News Brief

Ethiopia Blocks Popular Social Media Sites in Response to Embarrassing Exam Leak

It’s the first time Ethiopian government officials have made sites inaccessible as part of a nationwide measure.

In an attempt to save face after pictures of an end-of-year university exam were leaked on social media, Ethiopian officials have blocked Facebook, Twitter, Instagram and Viber.


The popular sites and apps have been disabled since Saturday morning as an estimated 254,000 students, according to the Ministry of Education, prepared to take their exams, which were postponed until Monday after an advocate group for Oromo people’s rights claimed responsibility for circulating the images in May, reports AlJazeera.

"It's blocked. It's a temporary measure until Wednesday. Social media have proven to be a distraction for students," Getachew Reda, a government spokesperson, tells AFP news agency.

Possibly taking a hint from China, notorious for internet censorship, Ethiopia is one of the first African countries that have blocked access to the worldwide web. In 2012, the Ethiopian barred Skype, claiming VoIP (voice internet protocol) calls were being used to commit fraud, according to BBC News.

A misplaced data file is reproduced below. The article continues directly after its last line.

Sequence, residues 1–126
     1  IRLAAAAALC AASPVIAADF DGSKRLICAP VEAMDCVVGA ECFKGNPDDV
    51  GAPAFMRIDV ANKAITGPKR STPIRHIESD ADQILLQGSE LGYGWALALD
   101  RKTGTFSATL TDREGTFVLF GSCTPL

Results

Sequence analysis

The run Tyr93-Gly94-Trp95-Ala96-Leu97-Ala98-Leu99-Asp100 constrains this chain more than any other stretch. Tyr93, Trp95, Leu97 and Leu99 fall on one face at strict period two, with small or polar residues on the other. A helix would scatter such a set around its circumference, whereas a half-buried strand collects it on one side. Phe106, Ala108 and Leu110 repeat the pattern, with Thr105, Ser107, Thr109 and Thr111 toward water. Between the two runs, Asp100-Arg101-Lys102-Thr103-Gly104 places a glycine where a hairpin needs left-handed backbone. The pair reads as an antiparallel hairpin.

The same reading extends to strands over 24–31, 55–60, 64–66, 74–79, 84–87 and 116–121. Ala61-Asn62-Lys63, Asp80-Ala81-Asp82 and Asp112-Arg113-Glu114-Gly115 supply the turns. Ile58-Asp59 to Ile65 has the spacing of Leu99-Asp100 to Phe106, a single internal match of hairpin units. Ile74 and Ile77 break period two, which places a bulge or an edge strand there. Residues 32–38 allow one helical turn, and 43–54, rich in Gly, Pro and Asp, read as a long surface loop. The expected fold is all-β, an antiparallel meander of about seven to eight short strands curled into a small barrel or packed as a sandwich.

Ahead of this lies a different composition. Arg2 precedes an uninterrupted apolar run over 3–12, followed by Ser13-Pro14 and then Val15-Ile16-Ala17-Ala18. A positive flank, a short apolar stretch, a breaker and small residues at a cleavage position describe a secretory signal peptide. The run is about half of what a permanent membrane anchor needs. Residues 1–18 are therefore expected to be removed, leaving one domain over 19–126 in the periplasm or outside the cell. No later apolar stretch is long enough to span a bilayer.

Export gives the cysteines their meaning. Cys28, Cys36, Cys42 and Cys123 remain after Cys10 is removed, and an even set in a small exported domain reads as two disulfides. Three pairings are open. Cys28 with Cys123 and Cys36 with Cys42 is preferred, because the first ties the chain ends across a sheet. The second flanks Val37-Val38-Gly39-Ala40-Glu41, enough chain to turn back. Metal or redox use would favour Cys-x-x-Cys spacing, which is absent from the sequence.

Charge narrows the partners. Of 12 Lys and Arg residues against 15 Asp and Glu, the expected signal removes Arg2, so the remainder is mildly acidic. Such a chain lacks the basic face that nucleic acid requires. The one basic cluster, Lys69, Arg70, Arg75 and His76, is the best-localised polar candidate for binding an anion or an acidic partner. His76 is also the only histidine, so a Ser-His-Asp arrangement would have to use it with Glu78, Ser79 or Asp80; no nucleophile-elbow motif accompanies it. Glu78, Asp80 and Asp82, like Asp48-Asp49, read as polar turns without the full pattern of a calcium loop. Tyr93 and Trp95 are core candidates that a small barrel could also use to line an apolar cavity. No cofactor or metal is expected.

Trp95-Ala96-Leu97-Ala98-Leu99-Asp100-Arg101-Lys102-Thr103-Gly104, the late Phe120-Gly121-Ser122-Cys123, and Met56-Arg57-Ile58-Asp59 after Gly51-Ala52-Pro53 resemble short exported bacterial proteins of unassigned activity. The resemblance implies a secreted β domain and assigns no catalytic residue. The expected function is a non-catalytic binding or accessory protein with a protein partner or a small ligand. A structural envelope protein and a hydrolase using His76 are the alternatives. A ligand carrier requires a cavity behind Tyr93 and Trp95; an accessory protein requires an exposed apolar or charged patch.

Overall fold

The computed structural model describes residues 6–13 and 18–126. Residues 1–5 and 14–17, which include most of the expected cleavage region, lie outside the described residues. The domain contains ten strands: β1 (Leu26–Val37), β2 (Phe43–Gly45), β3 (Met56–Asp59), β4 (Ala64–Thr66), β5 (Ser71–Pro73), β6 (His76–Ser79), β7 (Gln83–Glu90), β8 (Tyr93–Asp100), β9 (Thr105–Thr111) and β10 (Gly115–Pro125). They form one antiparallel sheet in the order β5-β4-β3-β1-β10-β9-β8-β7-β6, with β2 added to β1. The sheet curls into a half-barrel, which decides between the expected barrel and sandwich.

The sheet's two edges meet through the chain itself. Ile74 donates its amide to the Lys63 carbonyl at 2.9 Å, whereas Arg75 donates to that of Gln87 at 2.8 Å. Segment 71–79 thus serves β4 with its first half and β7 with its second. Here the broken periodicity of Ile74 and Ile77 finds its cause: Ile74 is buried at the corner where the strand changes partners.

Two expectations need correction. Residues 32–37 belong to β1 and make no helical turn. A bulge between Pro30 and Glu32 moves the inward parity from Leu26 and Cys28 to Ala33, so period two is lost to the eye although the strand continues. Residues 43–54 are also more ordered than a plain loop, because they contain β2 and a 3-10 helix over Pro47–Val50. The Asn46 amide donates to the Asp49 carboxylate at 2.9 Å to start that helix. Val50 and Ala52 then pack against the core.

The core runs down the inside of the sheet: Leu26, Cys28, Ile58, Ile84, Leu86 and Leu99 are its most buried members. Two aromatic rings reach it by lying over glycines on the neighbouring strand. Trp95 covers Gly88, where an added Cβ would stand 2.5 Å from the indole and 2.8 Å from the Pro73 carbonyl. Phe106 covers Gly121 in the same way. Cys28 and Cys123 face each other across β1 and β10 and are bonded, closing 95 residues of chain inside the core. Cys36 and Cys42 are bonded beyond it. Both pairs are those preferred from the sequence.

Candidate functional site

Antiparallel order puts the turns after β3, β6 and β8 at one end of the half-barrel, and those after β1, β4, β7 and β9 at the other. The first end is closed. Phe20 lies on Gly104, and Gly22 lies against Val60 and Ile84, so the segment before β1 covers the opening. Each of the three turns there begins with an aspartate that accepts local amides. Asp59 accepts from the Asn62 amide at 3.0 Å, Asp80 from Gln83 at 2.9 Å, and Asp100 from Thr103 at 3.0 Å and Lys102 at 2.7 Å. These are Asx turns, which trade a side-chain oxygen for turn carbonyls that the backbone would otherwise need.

However, this is the first time Ethiopia has barred access as part of a nationwide measure.

The decision has sparked outrage with Horn Affairs founder Daniel Berhane criticizing the government’s censorship for establishing a “dangerous precedent,” according to AlJazeera.

"There's no transparency on who decides why it's necessary or who decides for how long," Berhane says. “This time it's for a few days, but next time it could be for months. They're flexing their muscles. They got multiple tools and they're testing them."

All of this comes as the UN Human Rights Council passed a resolution last week deeming internet censorship a human rights violation.

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Image via Sheila Afari PR.

9 Black Electronic Musicians You Should Be Listening To

Featuring DJ Lag, Spellling, Nozinja, Klein, LSDXOXO and more.

We know that Black queer DJs from the Midwest are behind the creation of house and dance music. Yet, a look at the current electronic scene will find it terribly whitewashed and gentrified, with the current prominent acts spinning tracks sung by unnamed soulful singers from time to time. Like many art forms created by Black people all over the world, the industry hasn't paid homage to its pioneers, despite the obvious influence they have. Thankfully, the independent music scene is thriving with many Black acts inspired by their forefathers and mothers who are here to revolutionize electronic music. Here are a list of the ones you should check out:

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